|Publication number||US4662791 A|
|Application number||US 06/864,511|
|Publication date||May 5, 1987|
|Filing date||May 19, 1986|
|Priority date||May 19, 1986|
|Publication number||06864511, 864511, US 4662791 A, US 4662791A, US-A-4662791, US4662791 A, US4662791A|
|Inventors||Earl E. Spicer|
|Original Assignee||Regal International, Inc.|
|Export Citation||BiBTeX, EndNote, RefMan|
|Patent Citations (11), Referenced by (15), Classifications (7), Legal Events (9)|
|External Links: USPTO, USPTO Assignment, Espacenet|
The present invention relates to offshore bumper systems for use in protection of offshore structures from damage from contacts with vessels such as boats, barges and the like, and in particular to shock cells with improved shock absorbing characteristics for use in these systems.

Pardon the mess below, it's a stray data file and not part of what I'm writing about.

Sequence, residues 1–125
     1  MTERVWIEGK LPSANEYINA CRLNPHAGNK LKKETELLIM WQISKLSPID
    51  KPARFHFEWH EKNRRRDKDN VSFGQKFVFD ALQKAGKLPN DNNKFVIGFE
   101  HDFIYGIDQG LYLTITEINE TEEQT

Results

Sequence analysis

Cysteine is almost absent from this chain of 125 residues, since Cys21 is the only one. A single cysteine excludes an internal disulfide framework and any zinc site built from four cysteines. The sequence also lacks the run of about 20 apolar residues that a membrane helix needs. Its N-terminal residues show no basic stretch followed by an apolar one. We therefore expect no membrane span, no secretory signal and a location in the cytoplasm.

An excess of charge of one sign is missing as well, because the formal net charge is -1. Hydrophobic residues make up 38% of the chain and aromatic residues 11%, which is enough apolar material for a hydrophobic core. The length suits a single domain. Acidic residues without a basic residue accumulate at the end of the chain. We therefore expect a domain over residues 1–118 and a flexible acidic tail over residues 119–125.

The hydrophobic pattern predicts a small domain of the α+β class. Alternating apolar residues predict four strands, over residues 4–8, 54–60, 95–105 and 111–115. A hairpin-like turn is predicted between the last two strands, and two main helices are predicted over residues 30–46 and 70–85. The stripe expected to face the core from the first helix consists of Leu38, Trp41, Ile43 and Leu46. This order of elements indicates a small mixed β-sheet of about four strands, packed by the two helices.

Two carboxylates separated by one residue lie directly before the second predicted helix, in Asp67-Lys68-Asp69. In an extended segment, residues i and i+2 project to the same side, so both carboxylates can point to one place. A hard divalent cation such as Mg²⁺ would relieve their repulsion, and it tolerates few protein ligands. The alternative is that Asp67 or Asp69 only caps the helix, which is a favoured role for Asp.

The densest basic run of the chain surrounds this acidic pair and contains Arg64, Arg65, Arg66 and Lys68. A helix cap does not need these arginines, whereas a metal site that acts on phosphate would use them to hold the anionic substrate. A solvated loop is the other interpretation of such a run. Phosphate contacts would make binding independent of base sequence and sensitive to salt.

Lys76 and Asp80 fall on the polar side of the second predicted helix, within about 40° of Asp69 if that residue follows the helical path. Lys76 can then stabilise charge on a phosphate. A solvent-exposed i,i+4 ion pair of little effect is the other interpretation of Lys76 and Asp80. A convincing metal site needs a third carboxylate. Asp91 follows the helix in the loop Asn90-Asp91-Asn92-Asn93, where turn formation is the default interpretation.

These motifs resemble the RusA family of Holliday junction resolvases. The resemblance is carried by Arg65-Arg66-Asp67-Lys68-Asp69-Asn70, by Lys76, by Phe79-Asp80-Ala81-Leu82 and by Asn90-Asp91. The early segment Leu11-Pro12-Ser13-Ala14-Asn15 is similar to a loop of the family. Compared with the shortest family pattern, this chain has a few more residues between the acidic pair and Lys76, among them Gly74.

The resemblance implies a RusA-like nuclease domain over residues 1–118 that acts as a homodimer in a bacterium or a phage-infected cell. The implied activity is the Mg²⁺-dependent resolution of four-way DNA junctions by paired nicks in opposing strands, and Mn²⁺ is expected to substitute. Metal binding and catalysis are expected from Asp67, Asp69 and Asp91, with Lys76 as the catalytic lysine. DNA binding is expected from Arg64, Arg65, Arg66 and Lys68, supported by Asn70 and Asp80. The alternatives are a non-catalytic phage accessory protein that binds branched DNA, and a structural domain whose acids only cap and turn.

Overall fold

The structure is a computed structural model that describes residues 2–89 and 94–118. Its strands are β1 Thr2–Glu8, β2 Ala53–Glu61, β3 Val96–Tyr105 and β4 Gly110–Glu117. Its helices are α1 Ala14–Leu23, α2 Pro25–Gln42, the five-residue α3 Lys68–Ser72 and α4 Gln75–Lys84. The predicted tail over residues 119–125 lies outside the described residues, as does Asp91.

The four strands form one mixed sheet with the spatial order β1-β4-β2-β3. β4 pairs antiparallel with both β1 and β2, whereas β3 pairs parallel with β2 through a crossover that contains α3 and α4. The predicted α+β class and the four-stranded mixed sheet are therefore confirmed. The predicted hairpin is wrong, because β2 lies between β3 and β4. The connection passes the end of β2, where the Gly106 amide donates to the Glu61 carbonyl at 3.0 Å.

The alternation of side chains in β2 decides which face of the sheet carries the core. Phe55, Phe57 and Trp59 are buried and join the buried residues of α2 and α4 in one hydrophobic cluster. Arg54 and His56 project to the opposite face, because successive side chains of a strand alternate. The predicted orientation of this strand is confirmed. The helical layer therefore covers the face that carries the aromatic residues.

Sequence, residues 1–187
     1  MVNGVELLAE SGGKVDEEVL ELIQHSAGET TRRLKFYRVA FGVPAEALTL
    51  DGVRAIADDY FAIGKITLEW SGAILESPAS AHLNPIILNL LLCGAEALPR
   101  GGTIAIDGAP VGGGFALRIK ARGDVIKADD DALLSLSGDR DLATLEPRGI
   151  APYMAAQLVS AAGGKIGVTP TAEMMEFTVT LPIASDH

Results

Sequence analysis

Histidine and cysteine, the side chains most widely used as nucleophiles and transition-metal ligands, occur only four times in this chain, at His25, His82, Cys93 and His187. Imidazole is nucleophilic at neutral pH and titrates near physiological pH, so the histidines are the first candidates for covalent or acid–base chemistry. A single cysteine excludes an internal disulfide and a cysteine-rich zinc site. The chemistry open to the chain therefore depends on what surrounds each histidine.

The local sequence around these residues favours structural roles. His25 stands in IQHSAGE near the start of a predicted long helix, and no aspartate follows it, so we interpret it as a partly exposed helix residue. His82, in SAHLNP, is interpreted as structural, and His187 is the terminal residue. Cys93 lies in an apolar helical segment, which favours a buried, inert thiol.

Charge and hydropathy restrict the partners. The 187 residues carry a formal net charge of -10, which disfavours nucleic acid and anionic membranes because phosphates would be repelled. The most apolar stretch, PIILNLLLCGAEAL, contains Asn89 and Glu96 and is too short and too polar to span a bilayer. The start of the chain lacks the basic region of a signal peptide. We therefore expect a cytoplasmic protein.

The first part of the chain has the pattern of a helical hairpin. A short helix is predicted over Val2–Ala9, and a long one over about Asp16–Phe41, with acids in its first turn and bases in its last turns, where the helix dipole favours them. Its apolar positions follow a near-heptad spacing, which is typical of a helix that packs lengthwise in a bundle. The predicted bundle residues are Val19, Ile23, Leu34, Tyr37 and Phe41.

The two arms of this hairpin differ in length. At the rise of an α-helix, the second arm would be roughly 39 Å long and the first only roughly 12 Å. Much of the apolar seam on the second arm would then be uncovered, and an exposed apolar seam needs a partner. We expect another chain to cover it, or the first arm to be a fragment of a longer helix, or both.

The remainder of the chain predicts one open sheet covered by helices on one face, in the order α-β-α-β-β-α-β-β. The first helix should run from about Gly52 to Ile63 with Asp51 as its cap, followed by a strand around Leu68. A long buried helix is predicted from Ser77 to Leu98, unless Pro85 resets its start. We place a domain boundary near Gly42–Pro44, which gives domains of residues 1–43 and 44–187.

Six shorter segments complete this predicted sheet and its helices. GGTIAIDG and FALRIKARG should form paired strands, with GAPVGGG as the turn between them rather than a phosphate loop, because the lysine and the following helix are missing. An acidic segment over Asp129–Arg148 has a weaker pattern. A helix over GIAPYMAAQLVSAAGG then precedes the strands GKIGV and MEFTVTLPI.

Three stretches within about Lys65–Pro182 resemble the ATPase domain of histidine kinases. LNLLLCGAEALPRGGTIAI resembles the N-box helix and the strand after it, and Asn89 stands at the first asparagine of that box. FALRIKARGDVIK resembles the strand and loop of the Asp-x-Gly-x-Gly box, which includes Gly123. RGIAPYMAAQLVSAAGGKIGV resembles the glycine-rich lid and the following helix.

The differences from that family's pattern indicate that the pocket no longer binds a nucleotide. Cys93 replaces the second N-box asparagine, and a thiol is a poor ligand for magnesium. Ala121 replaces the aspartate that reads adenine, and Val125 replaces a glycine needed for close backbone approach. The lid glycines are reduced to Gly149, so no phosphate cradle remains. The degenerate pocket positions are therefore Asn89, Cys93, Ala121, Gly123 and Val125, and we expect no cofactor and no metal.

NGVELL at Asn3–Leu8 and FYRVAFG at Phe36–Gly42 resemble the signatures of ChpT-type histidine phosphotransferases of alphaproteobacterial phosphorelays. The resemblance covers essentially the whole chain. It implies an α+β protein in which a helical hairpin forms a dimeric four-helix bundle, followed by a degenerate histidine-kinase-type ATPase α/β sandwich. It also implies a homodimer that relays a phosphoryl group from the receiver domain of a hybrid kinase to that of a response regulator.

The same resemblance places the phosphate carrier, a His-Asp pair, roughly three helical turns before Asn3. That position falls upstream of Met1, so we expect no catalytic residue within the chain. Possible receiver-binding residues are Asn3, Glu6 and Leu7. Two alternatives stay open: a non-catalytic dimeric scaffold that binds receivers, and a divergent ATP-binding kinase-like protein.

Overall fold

In the exploration and development of offshore petroleum reserves, it is often necessary to erect platforms located miles off shore. These platforms form a base on which drilling, exploration and storage activities can occur, and typically have legs or other types of support structure which extend down into the water. To transport men and material to and from these platforms, it is necessary to dock vessels alongside. In some situations, these vessels are small. In others, the vessels are quite large, and impact between these vessels and the platform leg structure can weaken or otherwise damage either the structure or the vessel itself.
To protect these platforms from damage due to contact by vessels operating near the platforms, bumper systems are attached to the platforms adjacent the water level and operate to fend off vessels and to absorb shocks from those vessels that come into contact with them.